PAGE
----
“The aim of all Ricoeur’s work – some 20 books and 600 essays in all – was to teach us to feel the full force of authentic intellectual discomfort.
After the second world war, Ricoeur’s aversion to polemics allowed him to be overshadowed by more flamboyant colleagues. For nearly 10 years, he taught history of philosophy at Strasbourg, deliberately immersing himself in a new philosophical system each academic year. So it was with massive prep- aration behind him that he moved to the Sorbonne in Paris in 1957, where he kept a cool head through two decades of raging philosophical warfare.
The Symbolism Of Evil (1960) gave a new formulation to Ricoeur’s sense of philosophical responsibility. His key term now was ‘hermeneutics’, meaning the art of interpretation. . . The purpose of thinking was not to gain knowledge, but to learn to consider the world in the light of our irremediable ignorance.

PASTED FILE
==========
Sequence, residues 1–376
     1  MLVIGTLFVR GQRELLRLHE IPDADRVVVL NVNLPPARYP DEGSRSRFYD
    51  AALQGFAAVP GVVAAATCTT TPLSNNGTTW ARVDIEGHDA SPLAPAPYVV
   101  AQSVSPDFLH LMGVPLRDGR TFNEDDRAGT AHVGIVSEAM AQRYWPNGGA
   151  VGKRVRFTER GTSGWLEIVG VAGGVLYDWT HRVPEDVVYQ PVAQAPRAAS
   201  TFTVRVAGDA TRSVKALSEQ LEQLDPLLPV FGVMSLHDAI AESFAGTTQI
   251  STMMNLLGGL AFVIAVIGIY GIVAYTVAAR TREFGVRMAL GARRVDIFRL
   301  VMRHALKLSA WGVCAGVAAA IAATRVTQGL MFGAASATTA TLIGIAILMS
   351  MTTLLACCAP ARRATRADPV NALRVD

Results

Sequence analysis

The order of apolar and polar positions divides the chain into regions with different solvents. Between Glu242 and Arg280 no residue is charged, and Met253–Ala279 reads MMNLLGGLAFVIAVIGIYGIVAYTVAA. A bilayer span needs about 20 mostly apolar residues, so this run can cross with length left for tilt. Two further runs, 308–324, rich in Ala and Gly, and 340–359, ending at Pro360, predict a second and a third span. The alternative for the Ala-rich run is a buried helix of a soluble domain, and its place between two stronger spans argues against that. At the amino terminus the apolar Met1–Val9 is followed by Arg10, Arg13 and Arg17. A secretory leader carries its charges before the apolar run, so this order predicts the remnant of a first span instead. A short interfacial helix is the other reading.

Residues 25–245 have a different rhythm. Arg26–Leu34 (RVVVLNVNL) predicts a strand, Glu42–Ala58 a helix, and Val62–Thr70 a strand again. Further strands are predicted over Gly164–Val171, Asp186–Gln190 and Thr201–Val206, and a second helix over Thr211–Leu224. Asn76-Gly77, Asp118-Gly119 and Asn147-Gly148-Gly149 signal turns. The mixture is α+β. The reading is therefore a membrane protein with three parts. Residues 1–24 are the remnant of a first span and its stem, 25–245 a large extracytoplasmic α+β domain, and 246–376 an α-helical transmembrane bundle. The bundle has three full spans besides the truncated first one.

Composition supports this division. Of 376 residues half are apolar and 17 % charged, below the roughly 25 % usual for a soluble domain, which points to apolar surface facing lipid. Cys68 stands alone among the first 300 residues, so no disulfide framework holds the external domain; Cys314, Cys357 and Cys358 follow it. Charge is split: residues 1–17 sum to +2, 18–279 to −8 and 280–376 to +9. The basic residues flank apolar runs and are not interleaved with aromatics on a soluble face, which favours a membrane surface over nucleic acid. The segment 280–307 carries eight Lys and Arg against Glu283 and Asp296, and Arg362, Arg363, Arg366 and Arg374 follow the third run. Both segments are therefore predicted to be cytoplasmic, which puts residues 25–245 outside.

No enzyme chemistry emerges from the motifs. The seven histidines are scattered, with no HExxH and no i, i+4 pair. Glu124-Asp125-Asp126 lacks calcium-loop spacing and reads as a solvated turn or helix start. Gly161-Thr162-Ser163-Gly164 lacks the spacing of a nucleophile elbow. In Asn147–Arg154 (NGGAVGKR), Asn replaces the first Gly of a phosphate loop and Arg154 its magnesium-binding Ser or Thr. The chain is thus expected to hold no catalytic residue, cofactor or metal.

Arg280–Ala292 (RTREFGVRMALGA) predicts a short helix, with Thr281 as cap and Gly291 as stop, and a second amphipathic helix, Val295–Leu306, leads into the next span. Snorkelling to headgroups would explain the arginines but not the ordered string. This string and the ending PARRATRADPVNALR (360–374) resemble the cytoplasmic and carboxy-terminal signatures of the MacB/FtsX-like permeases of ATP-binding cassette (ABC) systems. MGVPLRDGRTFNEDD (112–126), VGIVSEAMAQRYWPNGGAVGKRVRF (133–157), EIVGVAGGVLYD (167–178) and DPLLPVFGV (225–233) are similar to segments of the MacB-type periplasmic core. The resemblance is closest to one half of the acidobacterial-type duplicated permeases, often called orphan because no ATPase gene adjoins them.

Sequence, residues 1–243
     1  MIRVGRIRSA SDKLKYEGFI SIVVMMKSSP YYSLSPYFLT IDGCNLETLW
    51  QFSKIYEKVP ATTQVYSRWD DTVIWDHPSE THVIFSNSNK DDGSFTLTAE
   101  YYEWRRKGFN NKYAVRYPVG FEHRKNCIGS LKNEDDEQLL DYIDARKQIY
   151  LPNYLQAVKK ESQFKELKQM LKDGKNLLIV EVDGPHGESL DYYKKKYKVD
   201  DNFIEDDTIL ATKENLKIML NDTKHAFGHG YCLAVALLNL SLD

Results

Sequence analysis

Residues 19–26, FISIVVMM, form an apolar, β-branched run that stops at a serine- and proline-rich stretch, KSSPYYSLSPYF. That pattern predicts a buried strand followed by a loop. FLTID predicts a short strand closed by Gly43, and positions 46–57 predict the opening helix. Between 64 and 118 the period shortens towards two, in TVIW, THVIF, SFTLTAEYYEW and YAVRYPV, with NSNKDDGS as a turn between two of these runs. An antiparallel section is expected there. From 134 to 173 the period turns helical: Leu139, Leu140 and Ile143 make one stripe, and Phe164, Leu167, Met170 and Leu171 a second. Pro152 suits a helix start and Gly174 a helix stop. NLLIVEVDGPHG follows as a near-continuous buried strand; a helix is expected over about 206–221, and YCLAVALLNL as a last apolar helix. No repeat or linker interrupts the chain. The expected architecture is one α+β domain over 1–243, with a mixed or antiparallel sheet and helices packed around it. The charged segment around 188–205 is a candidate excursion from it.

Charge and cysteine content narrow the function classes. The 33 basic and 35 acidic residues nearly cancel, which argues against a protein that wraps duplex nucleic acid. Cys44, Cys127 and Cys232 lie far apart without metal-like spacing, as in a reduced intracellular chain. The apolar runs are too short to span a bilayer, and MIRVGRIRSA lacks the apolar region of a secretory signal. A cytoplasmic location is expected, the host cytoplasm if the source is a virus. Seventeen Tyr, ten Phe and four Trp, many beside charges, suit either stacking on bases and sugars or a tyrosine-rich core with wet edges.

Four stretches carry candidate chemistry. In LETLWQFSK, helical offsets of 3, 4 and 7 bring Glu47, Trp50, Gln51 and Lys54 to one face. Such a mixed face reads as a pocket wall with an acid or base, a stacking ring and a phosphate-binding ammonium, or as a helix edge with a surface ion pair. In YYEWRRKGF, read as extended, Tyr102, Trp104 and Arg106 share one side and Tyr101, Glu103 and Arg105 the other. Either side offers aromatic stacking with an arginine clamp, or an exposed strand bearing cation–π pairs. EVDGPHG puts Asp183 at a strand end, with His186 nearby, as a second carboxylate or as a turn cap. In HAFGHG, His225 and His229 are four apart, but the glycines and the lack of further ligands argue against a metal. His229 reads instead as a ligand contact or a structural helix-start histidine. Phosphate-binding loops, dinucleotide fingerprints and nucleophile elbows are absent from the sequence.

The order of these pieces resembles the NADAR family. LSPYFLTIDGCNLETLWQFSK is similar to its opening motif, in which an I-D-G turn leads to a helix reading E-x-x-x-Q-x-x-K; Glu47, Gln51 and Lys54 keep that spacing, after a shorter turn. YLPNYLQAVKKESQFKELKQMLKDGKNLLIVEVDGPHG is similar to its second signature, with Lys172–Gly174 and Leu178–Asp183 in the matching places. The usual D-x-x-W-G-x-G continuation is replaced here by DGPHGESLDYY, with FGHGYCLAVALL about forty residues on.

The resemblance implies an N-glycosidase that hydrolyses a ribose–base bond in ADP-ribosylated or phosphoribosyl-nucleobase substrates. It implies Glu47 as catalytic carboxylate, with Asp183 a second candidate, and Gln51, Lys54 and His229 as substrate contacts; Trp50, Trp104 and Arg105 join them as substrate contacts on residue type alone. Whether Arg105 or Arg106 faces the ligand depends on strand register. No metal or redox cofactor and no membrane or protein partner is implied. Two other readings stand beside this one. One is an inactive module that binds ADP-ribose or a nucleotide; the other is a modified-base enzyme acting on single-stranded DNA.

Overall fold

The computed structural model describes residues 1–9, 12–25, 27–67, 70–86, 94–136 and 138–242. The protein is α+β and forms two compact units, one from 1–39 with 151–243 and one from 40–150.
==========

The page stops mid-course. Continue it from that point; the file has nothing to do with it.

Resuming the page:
In the 1960s and 70s, Ricoeur was drawn unwillingly into controversy: he found the so-called structuralist movement philosophically dogmatic, especially in its antagonism to subjectivity and to realities independent of language. His lucid criticisms of such masters as Roland Barthes, Jacques Lacan and Louis Althusser were all the more devastating for their generosity and restraint – qualities that were seldom reciprocated. His powerful, but unlacanian book, Freud And Philosophy (1965) was scandalously neglected in France.”
UPDATE: Scott McLemee remembers Ricouer in Inside Higher Ed.